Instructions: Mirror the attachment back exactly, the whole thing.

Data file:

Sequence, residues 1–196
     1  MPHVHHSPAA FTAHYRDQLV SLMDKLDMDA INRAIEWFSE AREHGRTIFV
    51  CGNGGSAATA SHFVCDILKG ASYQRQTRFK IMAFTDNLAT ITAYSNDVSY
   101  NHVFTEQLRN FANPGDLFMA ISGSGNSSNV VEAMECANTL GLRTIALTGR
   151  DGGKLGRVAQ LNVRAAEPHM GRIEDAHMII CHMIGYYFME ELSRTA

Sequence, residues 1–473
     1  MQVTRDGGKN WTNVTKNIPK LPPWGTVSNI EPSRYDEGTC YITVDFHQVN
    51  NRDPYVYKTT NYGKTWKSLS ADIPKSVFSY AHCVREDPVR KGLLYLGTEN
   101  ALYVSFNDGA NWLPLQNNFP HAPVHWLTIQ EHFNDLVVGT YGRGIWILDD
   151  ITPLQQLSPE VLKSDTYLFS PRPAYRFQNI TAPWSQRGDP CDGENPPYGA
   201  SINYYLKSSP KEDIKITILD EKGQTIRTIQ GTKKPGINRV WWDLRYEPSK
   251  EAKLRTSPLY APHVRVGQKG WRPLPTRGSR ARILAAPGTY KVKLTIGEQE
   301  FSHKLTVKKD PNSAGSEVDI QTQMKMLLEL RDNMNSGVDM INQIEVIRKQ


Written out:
Sequence, residues 1–196
     1  MPHVHHSPAA FTAHYRDQLV SLMDKLDMDA INRAIEWFSE AREHGRTIFV
    51  CGNGGSAATA SHFVCDILKG ASYQRQTRFK IMAFTDNLAT ITAYSNDVSY
   101  NHVFTEQLRN FANPGDLFMA ISGSGNSSNV VEAMECANTL GLRTIALTGR
   151  DGGKLGRVAQ LNVRAAEPHM GRIEDAHMII CHMIGYYFME ELSRTA

Sequence, residues 1–473
     1  MQVTRDGGKN WTNVTKNIPK LPPWGTVSNI EPSRYDEGTC YITVDFHQVN
    51  NRDPYVYKTT NYGKTWKSLS ADIPKSVFSY AHCVREDPVR KGLLYLGTEN
   101  ALYVSFNDGA NWLPLQNNFP HAPVHWLTIQ EHFNDLVVGT YGRGIWILDD
   151  ITPLQQLSPE VLKSDTYLFS PRPAYRFQNI TAPWSQRGDP CDGENPPYGA
   201  SINYYLKSSP KEDIKITILD EKGQTIRTIQ GTKKPGINRV WWDLRYEPSK
   251  EAKLRTSPLY APHVRVGQKG WRPLPTRGSR ARILAAPGTY KVKLTIGEQE
   301  FSHKLTVKKD PNSAGSEVDI QTQMKMLLEL RDNMNSGVDM INQIEVIRKQ